Tom Ford on the conversational series hosted by Fern Mallis at 92 Y in New York Image Credit: Fern Mallis/Facebook

New Yorker Fern Mallis revolutionised the fashion industry in the US in the 90s by creating and organising New York Fashion Week in Bryant Park that went on to change the runway game worldwide. Without having her own fashion label, she is one of the most recognised faces in fashion today and according to New York magazine, was the most photographed person in New York in 2010. The award-winning fashion and design consultant released her first book Fashion Lives – Fashion Icons with Fern Mallis earlier this year, based on the series that she hosts at the 92nd Street Y in New York, featuring her conversations with America’s prodigious fashion luminaries such as Tom Ford, Marc Jacobs, the late Oscar de la Renta, Donna Karan and many more. “Her amazing energy and passion and respect for the art of fashion and those who craft and celebrate it have been her life’s work,” wrote Ralph Lauren in his foreword in the book. Mallis’ affable persona belies her extraordinary achievements in the glamorous world of high fashion and couture worldwide. In between her enviably busy life in Manhattan, her picturesque lake house in the Hamptons and travelling across the world, the legendary fashion visionary, now president of her own design and fashion consultancy firm, Fern Mallis LLC, spoke to tabloid! from Philadelphia Fashion Week, where she is being honoured with yet another Fashion Icon award.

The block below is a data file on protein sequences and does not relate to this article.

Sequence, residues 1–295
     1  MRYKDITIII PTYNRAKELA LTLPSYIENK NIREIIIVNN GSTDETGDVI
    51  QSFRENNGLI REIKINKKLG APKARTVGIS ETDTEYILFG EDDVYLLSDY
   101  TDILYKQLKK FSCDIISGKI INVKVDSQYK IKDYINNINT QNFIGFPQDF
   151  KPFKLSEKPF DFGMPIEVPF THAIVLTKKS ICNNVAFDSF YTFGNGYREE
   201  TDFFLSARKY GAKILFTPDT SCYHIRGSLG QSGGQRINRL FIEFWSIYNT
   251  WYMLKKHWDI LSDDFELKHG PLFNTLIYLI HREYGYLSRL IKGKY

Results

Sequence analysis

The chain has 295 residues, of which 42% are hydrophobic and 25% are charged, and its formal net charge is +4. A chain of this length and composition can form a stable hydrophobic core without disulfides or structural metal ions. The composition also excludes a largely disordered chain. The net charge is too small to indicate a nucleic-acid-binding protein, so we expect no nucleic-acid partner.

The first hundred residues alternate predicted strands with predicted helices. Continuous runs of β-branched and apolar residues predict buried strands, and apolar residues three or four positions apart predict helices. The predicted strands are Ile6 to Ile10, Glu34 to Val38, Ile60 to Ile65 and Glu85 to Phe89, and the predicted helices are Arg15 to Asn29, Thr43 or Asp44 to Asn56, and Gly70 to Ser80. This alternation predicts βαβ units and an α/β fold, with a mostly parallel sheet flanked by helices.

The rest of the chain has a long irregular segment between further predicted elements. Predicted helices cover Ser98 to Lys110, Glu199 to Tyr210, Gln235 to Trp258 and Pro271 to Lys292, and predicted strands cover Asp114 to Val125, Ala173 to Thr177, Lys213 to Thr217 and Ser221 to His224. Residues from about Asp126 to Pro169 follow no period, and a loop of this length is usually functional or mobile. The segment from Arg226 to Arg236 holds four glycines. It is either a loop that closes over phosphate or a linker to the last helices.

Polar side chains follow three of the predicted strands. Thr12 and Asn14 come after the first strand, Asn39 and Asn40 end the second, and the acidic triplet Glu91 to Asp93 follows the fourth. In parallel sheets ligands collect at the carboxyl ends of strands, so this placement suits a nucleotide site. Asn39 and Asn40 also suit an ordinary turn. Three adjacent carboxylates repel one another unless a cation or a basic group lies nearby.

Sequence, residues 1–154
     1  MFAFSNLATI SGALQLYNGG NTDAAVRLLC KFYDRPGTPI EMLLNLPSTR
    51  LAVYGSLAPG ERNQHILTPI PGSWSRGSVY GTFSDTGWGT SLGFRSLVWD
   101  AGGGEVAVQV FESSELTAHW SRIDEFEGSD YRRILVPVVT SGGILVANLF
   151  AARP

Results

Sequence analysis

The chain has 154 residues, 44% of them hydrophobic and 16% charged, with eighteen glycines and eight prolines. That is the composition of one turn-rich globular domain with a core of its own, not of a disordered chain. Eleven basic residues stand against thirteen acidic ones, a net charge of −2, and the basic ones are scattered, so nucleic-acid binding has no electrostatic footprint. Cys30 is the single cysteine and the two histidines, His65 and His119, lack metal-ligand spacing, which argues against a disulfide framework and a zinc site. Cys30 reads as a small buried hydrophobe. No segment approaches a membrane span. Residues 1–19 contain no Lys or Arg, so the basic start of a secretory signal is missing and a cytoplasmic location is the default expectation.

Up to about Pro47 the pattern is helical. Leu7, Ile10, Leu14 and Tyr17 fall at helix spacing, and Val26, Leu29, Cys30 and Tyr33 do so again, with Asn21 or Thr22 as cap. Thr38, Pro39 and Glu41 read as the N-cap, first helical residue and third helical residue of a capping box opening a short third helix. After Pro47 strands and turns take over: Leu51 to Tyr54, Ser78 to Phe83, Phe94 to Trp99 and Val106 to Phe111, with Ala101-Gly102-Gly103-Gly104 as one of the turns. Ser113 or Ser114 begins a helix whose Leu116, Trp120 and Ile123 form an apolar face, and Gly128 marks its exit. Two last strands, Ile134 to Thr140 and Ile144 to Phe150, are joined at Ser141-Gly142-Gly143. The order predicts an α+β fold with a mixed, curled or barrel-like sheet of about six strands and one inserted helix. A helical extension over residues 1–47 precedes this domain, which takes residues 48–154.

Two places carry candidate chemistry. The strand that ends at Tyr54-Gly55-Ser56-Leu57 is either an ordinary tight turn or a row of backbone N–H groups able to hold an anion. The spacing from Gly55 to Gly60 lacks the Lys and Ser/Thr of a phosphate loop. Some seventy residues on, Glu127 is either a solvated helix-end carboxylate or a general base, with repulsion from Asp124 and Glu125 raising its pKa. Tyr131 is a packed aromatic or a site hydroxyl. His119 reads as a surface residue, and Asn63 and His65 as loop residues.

Another season of New York Fashion Week commences September 10. What is the key difference from back in the 90’s when you first conceptualised the Mercedes Benz Fashion Week to the event as it is today?

When the first organised and centralised shows were created in Bryant Park back in 1993, there was a focus and energy pulsing from this central location. It became something to strive for. “A show in Bryant Park” meant you had made it. I think the biggest difference is the technology and the media, which has changed everything in this industry as in all others. NYFW which is still meant to be a trade event now has a consumer feel to it. It no longer is an ‘insider’ activity. Everyone who attends now has a cell phone or other hand held device and is reporting, blogging, posting, instagramming, pinning, tweeting and taking pictures that are instantly available to the world, and that has changed the exclusive nature of this event. I have way too many memories of setting up this event those oh-so-many years ago. Now, it is scattered into 4-5 locations hosting multiple shows and another 100+ independent locations. It will be a tough season to see it all as traffic in New York city is as bad as it is in Mumbai and Dubai.

Whose shows are you looking forward to seeing this season at NYFW?

I’m always looking forward to seeing many shows, and in fact this season, there are more names I’ve never seen before and don’t know much about, so hopefully, we’ll discover a lot of new talent.

You were involved in setting up numerous fashion weeks around the world — Berlin, Los Angeles, Miami and India too — which has since multiplied into many more of the original. What do you make of the impact fashion weeks have on the multi-billion dollar fashion industry today?

Fashion weeks all over the world are a terrific expression of the creativity that exists all over the world. One doesn’t necessarily have to show in the big 3-4 cities to be a designer. There are talented people everywhere, and the world is a very big marketplace, consuming and admiring fashion. Fashion weeks generate significant revenue for the various cities that hold them and also provide a creative marketing platform for a region. I’ve always felt that the fashion industry in general, in every country, should get more respect for both its creative contribution as well as its economic impact.